NetFlow Monitor - Overview

NetFlow Overview

At first some theory and terminology;o)

1. What is NetFlow Flow?

NetFlow is a traffic monitoring technology developed by Cisco Networks. Flow is unidirectional data flow defined by seven fields: source IP address, destination IP address, L3 protocol type, source port, destination port, ToS byte (DSCP), input logical interface (ifIndex). Any other fields in NetFlow exports are determined for first flow packet or are or-ed (TCP flags) or summarized (bytes,packets).

2. What is NetFlow Export?

All data (only some fields of packet headers) walking through router or switch are cached in router and after expiration are flows grouped together into "NetFlow export" UDP datagrams for export to collector. UDP protocol isn't reliable, but UDP is faster and simpler then TCP protocol. Current Cisco IOSes support NetFlow only for ingress traffic, but for MPLS in new Cisco IOSes is feature to use NetFlow for egress traffic, too. See your vendor road-map if egress traffic is supported. All next is based on Cisco's features and terminology.

3. What is it good for?

NetFlow exports can be used with many applications, for example to:

  • network monitoring,
  • network planning,
  • security analysis,
  • application monitoring,
  • user monitoring,
  • traffic engineering,
  • peering agreement,
  • usage-based billing,
  • destination sensitive billing etc...
Main idea is accounting extensive data flow on active parts of your network with relatively simply and quick protocol.

4. NetFlow versions

A number of network equipment vendors have implemented their own versions of NetFlow. Now, several versions is used, but some aren't too used. Version 1 was first NetFlow export version and now isn't supported by routers (my collector support it for backward compatibility), version 5 is the most complete version, versions 6 and 7 are used on switches, version 8 is router-based aggregation and last version 9 is new flexible and extensible version. A number of network equipment vendors have implemented their own versions of NetFlow. Current public version of NetFlow Monitor supports non-aggregated NetFlow (versions 1,5,6 and 7) and is capable of analyzing NetFlow data from a number of vendors.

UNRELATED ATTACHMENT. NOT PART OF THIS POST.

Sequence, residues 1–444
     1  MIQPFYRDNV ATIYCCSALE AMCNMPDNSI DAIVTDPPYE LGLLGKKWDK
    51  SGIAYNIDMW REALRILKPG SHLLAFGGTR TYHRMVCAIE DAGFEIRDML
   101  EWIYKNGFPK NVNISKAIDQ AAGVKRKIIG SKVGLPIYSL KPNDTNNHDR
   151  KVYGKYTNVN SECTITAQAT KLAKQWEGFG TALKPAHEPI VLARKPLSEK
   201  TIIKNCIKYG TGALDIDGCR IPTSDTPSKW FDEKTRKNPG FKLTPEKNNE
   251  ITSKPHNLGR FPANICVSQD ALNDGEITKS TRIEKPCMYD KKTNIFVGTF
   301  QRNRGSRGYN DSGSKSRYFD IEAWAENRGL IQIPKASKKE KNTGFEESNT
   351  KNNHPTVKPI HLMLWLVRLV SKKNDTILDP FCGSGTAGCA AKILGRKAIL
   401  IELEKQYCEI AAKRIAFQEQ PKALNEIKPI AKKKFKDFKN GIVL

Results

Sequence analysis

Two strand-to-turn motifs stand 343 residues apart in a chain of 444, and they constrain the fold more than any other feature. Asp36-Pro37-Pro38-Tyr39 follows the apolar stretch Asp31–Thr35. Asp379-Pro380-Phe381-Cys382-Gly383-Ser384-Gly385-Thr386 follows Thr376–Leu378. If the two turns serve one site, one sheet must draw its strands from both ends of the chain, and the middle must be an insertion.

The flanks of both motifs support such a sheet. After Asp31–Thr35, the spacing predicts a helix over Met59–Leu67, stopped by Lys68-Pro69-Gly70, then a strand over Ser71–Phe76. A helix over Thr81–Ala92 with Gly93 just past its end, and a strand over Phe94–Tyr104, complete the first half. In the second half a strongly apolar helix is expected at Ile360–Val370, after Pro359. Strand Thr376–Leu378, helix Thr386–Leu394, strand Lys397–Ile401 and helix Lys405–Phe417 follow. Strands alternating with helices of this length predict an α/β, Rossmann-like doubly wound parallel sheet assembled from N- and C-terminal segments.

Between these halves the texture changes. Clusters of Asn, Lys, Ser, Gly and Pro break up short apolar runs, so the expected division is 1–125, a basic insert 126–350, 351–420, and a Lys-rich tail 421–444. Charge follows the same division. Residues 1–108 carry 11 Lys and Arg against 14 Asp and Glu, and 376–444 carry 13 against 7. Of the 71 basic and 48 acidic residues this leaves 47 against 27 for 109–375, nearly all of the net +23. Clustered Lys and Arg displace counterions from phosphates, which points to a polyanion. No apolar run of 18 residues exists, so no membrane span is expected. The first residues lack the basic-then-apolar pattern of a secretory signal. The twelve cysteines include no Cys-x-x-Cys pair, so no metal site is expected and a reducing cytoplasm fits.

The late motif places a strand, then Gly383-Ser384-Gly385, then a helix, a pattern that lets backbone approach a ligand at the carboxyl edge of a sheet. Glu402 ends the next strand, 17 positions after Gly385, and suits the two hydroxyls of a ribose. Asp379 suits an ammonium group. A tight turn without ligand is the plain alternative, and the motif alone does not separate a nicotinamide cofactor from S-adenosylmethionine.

Non-aggregated NetFlow creates a flow record containing detailed information describing each IP flow. However, there is some variation in implementations from device to device and vendor to vendor, and so some fields may be missing or incomplete. The following table lists the attributes of a NetFlow version 5 record and identifies possible issues relating to each field:

  • Sampling interval - If packet sampling is used then the sampling interval needs to be known in order to properly scale traffic measurements.
  • Seven basic NetFlow types - non-aggregated description of IP flow is required. Some implementations allow IP addresses to be masked, make sure that this feature is disabled.
  • Next Hop - Important for understanding routing behavior.
  • Input and output SNMP ifIndex - Some implementations do not provide input/output interface information. This means that flows cannot be attributed to interfaces and interface utilization analysis is not possible.
  • Packets and octets - Accurate accounting of packets and octets within flows is essential for accurate traffic monitoring. Some implementations only account for the first packet in each flow, or do not provide octet counts.